1. If you are not from a marginalized group, microaggressions can seem like political-correctness overkill. Here’s a video that highlights how people from the dominant as well as one minority group feels about microaggressions: https://youtu.be/QFSkLZzjx0w?t=6. In the video, a news anchor can be heard discrediting and invalidating the experience of microaggressions. On a deeper level, she is saying “your experience with racial inequities do not matter, get over it” which is a message many people of color and individuals from other minority status groups hear often. I’ve been told, “listen, slavery happened over 400 years ago, when are your people going to get over it”. That comment really affected me on the emotional level through the pain and hurt I felt and on the cognitive level through the dissonance I felt being Black in this country. What the person didn’t acknowledge and hence invalidated in that statement, is the constant strife and discrimination African Americans face daily which all leads back to slavery; so how could we possibly just get over it as it still affects us today. In reality, these everyday occurrences may, on the surface, appear quite harmless, trivial or described as “small slights,” but research indicates they have a powerful impact upon the psychological well-being of marginalized groups, and affect their standard of living by creating inequities in education, employment, and health care.
2. In responding to microaggressions, the person aggressed against is often left to deal with several conflicting emotions. They are questioning, “did that just happen because I’m black… or gay…or Muslim?”. While at the same time battling feelings of hurt and anger and generally not knowing how to respond. In the moment in which a microaggression takes place, the victim is often left speechless therefore does not offer any response except a startled expression. This does damage in two ways: one, it leaves the microaggressor clueless about the slight they just committed; and two, it leaves the victim with a feeling of helplessness or missed opportunity to speak up for themselves and their culture. Leaving the microaggressor clueless or unaware of the bias in their statement is really concerning as it is a missed opportunity to bring awareness to their comment and the bias underneath it and stops that opportunity to hopefully prevent future occurrences.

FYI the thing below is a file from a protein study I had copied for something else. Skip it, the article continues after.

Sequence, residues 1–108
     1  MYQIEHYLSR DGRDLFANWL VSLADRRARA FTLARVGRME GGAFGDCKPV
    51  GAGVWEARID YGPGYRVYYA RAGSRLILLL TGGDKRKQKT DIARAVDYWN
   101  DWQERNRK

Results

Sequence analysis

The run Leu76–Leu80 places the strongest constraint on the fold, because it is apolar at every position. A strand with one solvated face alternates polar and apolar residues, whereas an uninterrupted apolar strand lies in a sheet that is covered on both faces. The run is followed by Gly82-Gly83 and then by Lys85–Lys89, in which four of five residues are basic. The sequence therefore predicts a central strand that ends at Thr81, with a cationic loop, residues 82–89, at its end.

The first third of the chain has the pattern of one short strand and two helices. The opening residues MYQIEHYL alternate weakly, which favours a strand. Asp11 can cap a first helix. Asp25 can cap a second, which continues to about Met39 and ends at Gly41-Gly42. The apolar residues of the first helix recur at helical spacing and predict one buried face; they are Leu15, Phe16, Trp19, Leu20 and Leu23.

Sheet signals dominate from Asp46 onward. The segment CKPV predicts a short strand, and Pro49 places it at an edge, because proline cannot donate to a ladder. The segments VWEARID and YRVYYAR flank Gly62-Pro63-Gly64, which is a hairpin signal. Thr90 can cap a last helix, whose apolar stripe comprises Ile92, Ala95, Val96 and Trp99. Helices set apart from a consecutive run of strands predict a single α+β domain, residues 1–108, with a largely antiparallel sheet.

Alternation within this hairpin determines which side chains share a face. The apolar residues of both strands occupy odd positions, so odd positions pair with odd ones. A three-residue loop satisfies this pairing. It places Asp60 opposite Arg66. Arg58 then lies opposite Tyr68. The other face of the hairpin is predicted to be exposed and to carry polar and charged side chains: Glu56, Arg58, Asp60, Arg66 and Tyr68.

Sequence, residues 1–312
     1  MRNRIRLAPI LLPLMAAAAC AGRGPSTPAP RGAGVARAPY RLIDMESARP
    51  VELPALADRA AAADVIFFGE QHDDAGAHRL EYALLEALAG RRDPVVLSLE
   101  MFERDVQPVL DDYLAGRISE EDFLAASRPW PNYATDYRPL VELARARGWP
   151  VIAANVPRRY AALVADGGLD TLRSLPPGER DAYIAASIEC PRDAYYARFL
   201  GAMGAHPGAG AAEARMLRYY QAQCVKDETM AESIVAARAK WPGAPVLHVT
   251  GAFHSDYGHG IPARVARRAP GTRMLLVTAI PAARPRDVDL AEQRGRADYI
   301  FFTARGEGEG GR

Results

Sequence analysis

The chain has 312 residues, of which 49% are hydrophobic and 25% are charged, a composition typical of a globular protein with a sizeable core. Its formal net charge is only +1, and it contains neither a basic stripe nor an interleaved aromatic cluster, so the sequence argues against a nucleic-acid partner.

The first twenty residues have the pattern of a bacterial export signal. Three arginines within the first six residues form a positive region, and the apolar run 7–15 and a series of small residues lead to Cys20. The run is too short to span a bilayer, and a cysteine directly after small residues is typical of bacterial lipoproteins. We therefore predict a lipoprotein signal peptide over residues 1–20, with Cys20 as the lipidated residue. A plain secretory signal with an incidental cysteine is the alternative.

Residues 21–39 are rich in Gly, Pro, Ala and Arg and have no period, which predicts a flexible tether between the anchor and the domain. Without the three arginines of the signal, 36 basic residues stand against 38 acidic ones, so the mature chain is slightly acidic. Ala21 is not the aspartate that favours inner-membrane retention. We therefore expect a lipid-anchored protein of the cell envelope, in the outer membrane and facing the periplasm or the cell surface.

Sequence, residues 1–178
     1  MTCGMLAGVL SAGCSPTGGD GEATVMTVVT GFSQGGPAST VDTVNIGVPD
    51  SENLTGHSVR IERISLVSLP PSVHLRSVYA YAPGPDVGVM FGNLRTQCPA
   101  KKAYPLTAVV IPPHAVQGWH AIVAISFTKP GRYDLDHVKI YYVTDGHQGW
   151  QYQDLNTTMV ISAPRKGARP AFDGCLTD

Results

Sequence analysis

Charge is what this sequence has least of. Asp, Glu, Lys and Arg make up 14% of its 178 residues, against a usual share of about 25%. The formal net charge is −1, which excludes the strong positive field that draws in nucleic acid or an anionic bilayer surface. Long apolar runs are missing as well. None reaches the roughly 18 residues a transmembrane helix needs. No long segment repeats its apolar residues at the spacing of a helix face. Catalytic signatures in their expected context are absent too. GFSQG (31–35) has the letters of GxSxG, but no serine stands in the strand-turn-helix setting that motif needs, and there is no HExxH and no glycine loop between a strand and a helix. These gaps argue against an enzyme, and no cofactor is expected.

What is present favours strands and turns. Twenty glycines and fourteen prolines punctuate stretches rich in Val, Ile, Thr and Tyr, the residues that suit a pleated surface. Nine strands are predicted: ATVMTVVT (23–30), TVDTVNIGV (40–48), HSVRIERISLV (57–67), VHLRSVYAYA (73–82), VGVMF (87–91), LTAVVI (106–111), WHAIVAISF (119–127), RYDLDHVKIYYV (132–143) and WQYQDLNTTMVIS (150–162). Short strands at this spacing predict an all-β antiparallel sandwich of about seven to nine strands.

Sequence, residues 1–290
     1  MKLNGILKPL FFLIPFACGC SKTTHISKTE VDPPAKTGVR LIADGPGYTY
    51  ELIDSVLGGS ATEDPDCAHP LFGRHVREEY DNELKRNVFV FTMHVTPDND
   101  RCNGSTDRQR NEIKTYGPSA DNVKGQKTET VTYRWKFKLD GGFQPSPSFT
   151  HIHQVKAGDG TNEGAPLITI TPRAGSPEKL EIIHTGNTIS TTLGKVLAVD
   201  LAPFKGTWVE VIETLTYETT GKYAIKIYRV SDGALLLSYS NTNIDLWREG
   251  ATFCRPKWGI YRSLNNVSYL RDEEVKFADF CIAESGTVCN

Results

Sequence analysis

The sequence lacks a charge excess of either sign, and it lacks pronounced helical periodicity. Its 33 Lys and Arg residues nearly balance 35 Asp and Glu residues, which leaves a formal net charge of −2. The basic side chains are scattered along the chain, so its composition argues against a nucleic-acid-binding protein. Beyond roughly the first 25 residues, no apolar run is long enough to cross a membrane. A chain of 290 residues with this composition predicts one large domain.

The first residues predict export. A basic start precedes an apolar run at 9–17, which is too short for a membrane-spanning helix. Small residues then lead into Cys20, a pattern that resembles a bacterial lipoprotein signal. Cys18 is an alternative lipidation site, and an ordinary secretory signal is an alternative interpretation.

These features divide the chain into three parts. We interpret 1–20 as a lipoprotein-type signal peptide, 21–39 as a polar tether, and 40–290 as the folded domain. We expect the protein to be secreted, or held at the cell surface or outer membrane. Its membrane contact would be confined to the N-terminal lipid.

3. The power of being a bystander or witness to a microaggression is REAL. As previously mentioned in the points above, the victim of a microaggression is often left at a loss of words in the moment. However, a bystander who witnesses the microaggression has a unique opportunity to not only challenge the microaggression itself but also validate the experiential reality of the victim. Just imagine being on the receiving end of daily or weekly microaggressions and how exhausting it must feel to constantly hear lightly veiled attacks on an aspect of your identity. Overtime, those attacks can do real damage. A study done by Nadal (2012) found “… that people of color who encounter greater amounts of racial microaggressions are likely to exhibit a number of mental health issues, such as depression or negative affect as well as physical health issues such as pain or fatigue” (para. 5). Additionally, microaggressions were associated with greater anxiety and binge-drinking episodes in college students of color (Blume, Lovato, Thyken, & Denny, 2012). Your power to advocate and bear witness to a victim of a microaggression is essential. As a bystander, we are in a better position to challenge the microaggression without the negative emotions skewing the message we are attempting to send. So, speak out if you witness a microaggression and validate the person on the receiving end!